National Chartered Accountants Day on July 1: All you need to know

Published on Jun 30, 2021 06:19 AM IST

ICAI is deemed as the second biggest accounting organization in the world with about 2.5 lakh members.

The only licensing and regulatory body for the financial audit and accounting profession in India will celebrate the 73rd Chartered Accountants day this year.(Pic for representation)
The only licensing and regulatory body for the financial audit and accounting profession in India will celebrate the 73rd Chartered Accountants day this year.(Pic for representation)
By | Written by Susmita Pakrasi, Hindustan Times, New Delhi

India celebrates Chartered Accountants Day every year on July 1 to commemorate the findings of the Institute of Chartered Accountants of India (ICAI) by Parliament in 1949. The only licensing and regulatory body for the financial audit and accounting profession in India will celebrate the 73rd Chartered Accountants day this year.

ICAI is deemed as the second biggest accounting organization in the world with about 2.5 lakh members.

In his radio address 'Mann Ki Baat' on Sunday, Prime Minister Narendra Modi mentioned that Chartered Accountants Day is celebrated on July 1 and reminded them about a gift he sought from them. “A few years back, I had asked chartered accountants of the country for a gift of Indian audit firms of global level. Today, I want to remind them of this. Chartered accountants can play a very good and positive role in bringing transparency to the economy. I extend my best wishes to all chartered accountants and their family members,” he said.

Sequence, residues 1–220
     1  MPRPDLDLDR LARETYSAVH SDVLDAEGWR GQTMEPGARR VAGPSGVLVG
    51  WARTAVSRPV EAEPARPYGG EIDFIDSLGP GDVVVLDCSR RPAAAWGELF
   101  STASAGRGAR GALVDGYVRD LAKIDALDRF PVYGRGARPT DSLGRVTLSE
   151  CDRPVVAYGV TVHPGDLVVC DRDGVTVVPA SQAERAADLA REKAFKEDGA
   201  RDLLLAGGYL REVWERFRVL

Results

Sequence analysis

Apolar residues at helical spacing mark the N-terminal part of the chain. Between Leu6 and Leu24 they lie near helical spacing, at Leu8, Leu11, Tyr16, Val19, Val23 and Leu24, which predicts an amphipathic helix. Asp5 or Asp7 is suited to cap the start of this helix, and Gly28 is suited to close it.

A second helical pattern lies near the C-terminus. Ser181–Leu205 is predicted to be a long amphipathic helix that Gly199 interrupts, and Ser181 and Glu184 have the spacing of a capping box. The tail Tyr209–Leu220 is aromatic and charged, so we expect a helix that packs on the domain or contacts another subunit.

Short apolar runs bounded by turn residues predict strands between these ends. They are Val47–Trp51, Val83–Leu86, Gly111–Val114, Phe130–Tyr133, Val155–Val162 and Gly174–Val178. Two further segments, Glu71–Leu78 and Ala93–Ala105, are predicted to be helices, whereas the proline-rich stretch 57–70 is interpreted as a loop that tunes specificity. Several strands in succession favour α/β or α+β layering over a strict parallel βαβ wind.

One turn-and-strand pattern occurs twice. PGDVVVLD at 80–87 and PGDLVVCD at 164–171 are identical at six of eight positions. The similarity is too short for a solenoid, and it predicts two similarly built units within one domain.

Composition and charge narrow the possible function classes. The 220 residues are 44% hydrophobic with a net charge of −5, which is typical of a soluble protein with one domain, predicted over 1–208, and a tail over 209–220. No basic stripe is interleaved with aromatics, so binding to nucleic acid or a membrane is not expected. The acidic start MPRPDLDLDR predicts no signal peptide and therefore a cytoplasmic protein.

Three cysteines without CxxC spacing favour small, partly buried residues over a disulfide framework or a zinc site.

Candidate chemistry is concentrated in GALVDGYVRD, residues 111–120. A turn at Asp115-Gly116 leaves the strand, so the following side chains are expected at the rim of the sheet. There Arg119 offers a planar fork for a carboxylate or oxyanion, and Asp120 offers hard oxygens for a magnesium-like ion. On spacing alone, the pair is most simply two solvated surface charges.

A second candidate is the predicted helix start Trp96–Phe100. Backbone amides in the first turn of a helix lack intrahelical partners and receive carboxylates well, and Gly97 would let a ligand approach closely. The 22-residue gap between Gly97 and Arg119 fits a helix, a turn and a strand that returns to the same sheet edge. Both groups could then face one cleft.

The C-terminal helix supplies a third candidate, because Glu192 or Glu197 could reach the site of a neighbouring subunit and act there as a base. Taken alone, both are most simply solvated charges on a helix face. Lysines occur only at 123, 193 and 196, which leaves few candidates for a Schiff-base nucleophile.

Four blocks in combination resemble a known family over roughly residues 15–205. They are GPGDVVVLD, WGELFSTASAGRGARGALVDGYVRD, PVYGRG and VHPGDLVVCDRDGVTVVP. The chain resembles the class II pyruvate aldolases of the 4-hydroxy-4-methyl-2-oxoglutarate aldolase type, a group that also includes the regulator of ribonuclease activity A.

History and Significance of National Chartered Accountants Day

Before India's Independence, the British government had established a rule that expected firms to keep track of their accounts under the Companies Act of India. An auditor was also appointed to audit these books. The auditors were expected to gain a certificate certifying them for this task. In the ensuing years, the role and designation of an auditor morphed to various degrees where the accountancy profession became largely unregulated and created confusion in terms of the qualifications of auditors.

After Independence in the year 1948, an expert committee recommended that a separate autonomous association of accountants should be set up to regulate the profession of accountants in the country. The Indian government adhered to the recommendation and passed an act in the Parliament that gave birth to a statutory body named The Institute of Chartered Accountants of India (ICAI).

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